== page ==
SpaceX test-fired a reused Falcon 9 booster Monday at NASA’s Kennedy Space Center in Florida, checking the rocket’s readiness for a planned liftoff Saturday with an Airbus-built commercial communications satellite.
The two-stage rocket, featuring a previously-flown first stage booster, fired its nine Merlin 1D main engines for several seconds at 4:30 p.m. EDT (2030 GMT). The engines throttled up to full power, generating around 1.7 million pounds of thrust, while the rocket remained firmly on the ground.
SpaceX’s launch team loaded super-chilled RP-1 kerosene and liquid oxygen propellant into the Falcon 9 launcher in the final hour of the mock countdown. The Falcon 9’s tanks were pressurized just before ignition of the rocket’s nine Merlin 1D first stage main engines.
The engines fired for several seconds while hold-down restraints keep the Falcon 9 rocket firmly grounded at pad 39A.
SpaceX tweeted shortly after the hotfire that the test was completed.
SpaceX uses the customary prelaunch test-firings to check out the readiness of the Falcon 9 rocket, ground systems and launch team. Once the static fire is completed, ground crews will return the Falcon 9 rocket to its nearby assembly hangar at the southern perimeter of pad 39A for attachment of its satellite payload.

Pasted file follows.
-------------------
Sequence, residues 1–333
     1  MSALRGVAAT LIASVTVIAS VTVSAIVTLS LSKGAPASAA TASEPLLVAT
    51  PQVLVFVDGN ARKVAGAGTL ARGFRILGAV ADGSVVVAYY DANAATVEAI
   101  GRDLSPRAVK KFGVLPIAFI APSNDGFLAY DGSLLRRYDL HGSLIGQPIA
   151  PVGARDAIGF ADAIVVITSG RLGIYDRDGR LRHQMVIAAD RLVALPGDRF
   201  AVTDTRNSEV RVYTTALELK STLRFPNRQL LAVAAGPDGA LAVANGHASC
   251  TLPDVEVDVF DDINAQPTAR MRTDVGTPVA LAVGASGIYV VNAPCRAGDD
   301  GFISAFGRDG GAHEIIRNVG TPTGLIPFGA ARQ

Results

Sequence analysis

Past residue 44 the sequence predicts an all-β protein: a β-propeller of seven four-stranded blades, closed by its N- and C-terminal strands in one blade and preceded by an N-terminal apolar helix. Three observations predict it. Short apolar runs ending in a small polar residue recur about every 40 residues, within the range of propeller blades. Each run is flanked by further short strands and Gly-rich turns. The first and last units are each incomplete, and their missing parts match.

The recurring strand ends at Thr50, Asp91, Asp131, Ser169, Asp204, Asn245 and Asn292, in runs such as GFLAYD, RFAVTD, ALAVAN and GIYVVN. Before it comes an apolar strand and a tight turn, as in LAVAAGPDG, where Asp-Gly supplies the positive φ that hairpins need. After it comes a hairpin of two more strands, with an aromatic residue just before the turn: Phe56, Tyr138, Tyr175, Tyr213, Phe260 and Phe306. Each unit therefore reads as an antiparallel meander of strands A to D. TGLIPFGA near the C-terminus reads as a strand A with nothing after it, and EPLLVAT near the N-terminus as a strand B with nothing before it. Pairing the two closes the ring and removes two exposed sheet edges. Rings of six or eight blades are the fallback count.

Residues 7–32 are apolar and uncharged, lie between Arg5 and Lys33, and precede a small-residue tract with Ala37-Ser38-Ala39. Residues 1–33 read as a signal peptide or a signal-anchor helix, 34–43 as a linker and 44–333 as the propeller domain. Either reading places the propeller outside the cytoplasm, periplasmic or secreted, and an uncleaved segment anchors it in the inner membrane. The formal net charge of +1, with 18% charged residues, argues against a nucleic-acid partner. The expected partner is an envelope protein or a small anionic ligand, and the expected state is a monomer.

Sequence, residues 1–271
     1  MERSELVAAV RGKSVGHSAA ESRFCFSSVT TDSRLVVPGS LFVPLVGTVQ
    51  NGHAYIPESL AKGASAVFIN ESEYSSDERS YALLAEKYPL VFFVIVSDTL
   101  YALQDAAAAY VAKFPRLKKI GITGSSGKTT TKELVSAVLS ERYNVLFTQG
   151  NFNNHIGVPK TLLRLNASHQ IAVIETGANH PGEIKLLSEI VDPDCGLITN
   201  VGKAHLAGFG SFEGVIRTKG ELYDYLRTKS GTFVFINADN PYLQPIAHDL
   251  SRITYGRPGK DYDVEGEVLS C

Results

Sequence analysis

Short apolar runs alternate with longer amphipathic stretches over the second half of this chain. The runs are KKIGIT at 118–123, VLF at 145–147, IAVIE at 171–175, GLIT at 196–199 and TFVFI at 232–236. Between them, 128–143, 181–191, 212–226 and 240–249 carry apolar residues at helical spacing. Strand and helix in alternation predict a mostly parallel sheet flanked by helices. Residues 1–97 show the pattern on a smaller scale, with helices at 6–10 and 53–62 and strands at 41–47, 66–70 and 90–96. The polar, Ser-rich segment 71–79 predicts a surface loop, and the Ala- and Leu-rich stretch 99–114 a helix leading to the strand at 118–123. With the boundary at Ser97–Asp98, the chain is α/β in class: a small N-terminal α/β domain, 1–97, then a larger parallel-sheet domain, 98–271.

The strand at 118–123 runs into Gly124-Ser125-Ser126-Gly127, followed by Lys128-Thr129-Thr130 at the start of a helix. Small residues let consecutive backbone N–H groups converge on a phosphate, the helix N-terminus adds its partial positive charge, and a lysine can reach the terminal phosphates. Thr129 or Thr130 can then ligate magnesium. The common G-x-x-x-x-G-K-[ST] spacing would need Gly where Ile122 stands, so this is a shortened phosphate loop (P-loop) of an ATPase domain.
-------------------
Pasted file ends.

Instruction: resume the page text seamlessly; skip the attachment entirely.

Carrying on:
The commercial SES 11/EchoStar 105 communications satellite, made by Airbus Defense and Space, has been fueled and readied for launch at Cape Canaveral since arriving from its factory in Toulouse, France, last month.
The satellite is heading toward an operating perch in geostationary orbit more than 22,000 miles (nearly 36,000 kilometers) over the equator at 105 degrees west longitude. SES 11/EchoStar 105 will support video distribution and TV broadcasts over the North America during its mission.
The Falcon 9 rocket is set for launch at 6:53 p.m. EDT (2253 GMT) Saturday, Oct. 7, at the opening of a two-hour launch window.
It will be the 14th Falcon 9 flight of the year, a record pace of launch activity for SpaceX, and the 42nd launch of a Falcon 9 rocket overall.
Saturday’s launch will fly with a reused Falcon 9 first stage booster, the third time SpaceX has used a previously-flown stage on an orbital launch. The first stage made its first flight Feb. 19 during the launch of a space station cargo ship, then landed at Cape Canaveral a few minutes later.
The first stage on Saturday’s launch will descend to a touchdown on SpaceX’s floating rocket landing platform in the Atlantic Ocean.
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